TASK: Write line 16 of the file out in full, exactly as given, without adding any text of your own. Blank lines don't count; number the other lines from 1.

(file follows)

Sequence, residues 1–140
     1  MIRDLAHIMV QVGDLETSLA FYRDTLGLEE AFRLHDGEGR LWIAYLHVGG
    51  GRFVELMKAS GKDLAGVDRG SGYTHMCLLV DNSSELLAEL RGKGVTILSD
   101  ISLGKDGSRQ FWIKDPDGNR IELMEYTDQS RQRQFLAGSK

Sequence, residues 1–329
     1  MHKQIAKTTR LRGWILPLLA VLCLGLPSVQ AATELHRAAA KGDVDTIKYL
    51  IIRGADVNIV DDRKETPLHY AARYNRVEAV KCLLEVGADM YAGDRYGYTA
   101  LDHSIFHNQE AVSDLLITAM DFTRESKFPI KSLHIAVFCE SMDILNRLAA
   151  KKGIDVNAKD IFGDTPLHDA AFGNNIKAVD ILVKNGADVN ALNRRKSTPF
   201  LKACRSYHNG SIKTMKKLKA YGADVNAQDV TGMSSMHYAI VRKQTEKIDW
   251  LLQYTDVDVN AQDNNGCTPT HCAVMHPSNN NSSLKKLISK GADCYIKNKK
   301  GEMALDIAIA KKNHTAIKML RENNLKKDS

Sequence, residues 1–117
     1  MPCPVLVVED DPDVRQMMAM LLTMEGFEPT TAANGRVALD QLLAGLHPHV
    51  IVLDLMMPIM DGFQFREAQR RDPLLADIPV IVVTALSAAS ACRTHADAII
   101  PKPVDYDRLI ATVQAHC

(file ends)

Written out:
   101  PKPVDYDRLI ATVQAHC